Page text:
Pakistan earthquake: Coping with winter, planning for recovery
The winter cold has hit northern Pakistan's quake zone. The mountain villages are now minus 10 degrees Celsius at night - Batagram is down to minus 4, while Muzaffarabad is hovering around freezing point. With 107 staff members and 39 mobile teams on the ground, UNHCR is boosting its winterization campaign with a new round of aid distribution in camps for quake survivors.
A total of 250,000 blankets and 77,000 plastic sheets are being distributed this week in camps in North West Frontier Province and Pakistan-administered Kashmir. These are in addition to the 19,439 tents, 431,184 blankets, 60,413 plastic sheets, 15,886 mattresses, 24,908 jerry cans and 20,008 kitchen sets we distributed earlier in the relief effort. We hope that these new supplies will enable people in camps to have the full package of winterized items - three blankets per person; four mattresses and two plastic sheets per tent.
Despite these efforts, people will inevitably try to stay warm with candles and stoves in their tents, increasing the risk of tent fires. We're working with the authorities to find safe ways to provide heating in camps, whether it's mud fireplaces made by Afghan refugees or steel casings for the stoves to contain the flame. The army is also exploring the options of heated platforms and even hot water bottles. Meanwhile, our camp management mobile teams are spreading the message of fire safety in camps.
Another concern is that more people from the upper valleys may come down as temperatures dip. We're working with the government to expand existing sites like Meira (total capacity: 40,000) and Havelian (120 new arrivals daily) camps, and building new ones like Bakrial and Haripur to accommodate up to 50,000 more arrivals.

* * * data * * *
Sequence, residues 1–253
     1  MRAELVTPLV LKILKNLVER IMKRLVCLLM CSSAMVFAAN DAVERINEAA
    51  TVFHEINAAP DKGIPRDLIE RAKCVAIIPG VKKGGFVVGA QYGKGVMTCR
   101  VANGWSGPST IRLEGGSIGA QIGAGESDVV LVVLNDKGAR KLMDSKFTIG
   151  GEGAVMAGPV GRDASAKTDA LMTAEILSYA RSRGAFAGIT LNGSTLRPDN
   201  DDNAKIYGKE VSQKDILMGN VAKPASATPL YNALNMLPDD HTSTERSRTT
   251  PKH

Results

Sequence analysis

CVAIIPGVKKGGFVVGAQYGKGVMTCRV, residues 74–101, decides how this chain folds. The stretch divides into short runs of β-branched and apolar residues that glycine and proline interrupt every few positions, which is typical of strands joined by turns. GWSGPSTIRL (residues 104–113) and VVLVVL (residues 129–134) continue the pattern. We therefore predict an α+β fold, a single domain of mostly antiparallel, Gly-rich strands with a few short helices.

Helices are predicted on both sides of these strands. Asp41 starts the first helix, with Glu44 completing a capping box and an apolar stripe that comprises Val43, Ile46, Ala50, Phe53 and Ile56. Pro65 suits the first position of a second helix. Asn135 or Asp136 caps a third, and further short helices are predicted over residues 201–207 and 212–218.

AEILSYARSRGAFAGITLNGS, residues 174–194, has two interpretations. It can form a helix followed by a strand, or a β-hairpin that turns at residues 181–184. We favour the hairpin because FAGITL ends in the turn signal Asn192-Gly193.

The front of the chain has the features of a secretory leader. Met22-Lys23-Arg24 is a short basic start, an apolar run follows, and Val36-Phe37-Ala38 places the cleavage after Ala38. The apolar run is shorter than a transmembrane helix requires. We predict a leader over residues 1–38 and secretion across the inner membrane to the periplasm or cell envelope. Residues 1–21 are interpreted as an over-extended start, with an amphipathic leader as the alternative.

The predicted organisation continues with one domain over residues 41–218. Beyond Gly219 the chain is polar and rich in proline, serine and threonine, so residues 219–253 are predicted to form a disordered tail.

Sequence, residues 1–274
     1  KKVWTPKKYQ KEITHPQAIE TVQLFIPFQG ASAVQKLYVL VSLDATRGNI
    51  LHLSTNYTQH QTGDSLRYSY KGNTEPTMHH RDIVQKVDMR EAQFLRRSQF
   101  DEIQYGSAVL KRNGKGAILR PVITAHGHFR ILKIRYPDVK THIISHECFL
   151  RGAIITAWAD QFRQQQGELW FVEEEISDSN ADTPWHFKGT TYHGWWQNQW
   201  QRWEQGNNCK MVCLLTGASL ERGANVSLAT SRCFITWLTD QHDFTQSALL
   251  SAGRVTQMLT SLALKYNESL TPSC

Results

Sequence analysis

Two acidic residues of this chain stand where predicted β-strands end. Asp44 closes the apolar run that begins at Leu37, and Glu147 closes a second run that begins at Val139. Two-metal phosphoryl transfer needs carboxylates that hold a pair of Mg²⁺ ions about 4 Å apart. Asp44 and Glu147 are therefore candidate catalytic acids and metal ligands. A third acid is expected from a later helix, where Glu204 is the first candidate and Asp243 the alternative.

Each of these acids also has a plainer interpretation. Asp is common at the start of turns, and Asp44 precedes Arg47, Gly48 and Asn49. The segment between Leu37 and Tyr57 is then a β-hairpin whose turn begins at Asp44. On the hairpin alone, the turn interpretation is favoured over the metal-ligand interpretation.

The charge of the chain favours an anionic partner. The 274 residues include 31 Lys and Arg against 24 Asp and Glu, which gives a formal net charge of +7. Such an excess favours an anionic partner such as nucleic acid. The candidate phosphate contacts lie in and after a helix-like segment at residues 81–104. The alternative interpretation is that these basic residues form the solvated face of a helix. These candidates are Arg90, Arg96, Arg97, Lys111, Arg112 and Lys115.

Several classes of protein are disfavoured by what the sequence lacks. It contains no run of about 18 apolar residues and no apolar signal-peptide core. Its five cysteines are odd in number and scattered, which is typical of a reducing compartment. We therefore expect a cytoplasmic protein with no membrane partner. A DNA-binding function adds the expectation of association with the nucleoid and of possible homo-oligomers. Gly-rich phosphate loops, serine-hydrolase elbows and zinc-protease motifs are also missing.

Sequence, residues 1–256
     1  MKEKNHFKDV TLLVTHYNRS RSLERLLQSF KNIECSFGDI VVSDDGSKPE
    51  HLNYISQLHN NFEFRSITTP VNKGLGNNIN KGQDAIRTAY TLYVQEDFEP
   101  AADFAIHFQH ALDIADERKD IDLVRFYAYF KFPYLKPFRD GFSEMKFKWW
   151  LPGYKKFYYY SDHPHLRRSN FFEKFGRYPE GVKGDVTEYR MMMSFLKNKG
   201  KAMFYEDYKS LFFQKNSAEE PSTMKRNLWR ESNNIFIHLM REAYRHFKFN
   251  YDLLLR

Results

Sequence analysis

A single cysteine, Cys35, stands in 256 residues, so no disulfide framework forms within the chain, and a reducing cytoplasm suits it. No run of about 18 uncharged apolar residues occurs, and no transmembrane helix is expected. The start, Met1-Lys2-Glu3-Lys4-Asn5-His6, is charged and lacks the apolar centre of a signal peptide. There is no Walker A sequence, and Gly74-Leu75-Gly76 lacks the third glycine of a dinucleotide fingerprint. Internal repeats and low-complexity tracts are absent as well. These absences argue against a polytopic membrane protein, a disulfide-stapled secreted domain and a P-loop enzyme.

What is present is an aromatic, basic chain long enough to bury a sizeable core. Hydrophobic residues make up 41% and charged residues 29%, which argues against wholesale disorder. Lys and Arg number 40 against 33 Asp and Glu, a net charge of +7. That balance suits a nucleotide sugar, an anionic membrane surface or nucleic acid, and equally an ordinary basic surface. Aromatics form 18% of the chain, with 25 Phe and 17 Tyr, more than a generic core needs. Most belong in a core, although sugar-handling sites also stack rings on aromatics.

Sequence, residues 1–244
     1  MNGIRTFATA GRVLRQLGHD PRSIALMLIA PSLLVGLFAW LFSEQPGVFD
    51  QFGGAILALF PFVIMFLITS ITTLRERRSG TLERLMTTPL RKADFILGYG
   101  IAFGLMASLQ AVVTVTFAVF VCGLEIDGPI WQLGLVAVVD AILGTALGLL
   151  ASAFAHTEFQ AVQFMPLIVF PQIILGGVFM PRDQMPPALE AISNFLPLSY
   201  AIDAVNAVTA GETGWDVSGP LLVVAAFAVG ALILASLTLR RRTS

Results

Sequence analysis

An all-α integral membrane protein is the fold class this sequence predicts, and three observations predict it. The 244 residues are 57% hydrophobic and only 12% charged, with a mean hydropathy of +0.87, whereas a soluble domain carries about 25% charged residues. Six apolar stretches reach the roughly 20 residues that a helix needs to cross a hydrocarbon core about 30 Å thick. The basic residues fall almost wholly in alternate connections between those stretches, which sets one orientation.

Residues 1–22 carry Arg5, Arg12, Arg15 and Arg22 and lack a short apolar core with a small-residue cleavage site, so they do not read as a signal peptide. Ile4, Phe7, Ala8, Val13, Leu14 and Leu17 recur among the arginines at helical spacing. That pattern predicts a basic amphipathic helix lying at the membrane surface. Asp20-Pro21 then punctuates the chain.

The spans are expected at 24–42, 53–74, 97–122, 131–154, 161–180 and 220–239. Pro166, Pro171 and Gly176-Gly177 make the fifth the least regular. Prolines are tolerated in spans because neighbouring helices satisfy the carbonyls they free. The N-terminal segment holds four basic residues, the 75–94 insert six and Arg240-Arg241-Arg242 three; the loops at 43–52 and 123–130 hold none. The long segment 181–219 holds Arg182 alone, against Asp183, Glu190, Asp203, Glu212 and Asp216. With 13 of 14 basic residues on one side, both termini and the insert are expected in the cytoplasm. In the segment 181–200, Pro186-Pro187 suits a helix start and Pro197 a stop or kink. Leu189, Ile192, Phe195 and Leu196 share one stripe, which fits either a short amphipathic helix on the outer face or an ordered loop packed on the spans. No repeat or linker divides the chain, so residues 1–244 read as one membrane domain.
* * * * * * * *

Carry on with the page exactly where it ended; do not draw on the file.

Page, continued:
As the lead agency for camp management, we're currently supporting the authorities and NGOs in 37 planned camps with 57,742 people. We've also counted 335 spontaneous camps with 126,718 people.
Living conditions in spontaneous camps are an ongoing concern. Our technical mobile teams have been fixing latrines, bathrooms and communal kitchens in 50 of these camps so far. We're also working with partners like Unicef and Oxfam to provide water. Decongestion of overcrowded camps is continuing. We've identified several sites in the Neelum Valley that could house a few hundred families from overcrowded spontaneous camps. Discussions are underway with the landowners on lease arrangements.
Visiting spontaneous camps in NWFP, our mobile teams have found many women with various health problems. Women doctors are urgently needed. We contacted Cuban doctors based at Bassian camp, and they're now making regular visits to Balakot and the Siran Valley. Two overworked Afghan doctors in Balakot's Dosti camp are also receiving support from a team from the NGO, International Medical Corps.
Capacity-building has started in some of the planned camps. Three camps in Balakot - Bassian, Ghari Habibullah and Ghazikot - now have vocational training (sewing) for women. UNHCR is also training our partners in NGOs like Intersos, THW, Best and IDSP on site planning, community mobilization, protection and identification of vulnerable groups.
As the year draws to a close, our plan for next year is to focus on capacity-building and registration while continuing to provide assistance and coordinate services in camps. After this emergency phase, our priority will be to empower the Pakistan authorities, local NGOs and quake survivors themselves in order to facilitate the process of return and rehabilitation once winter ends.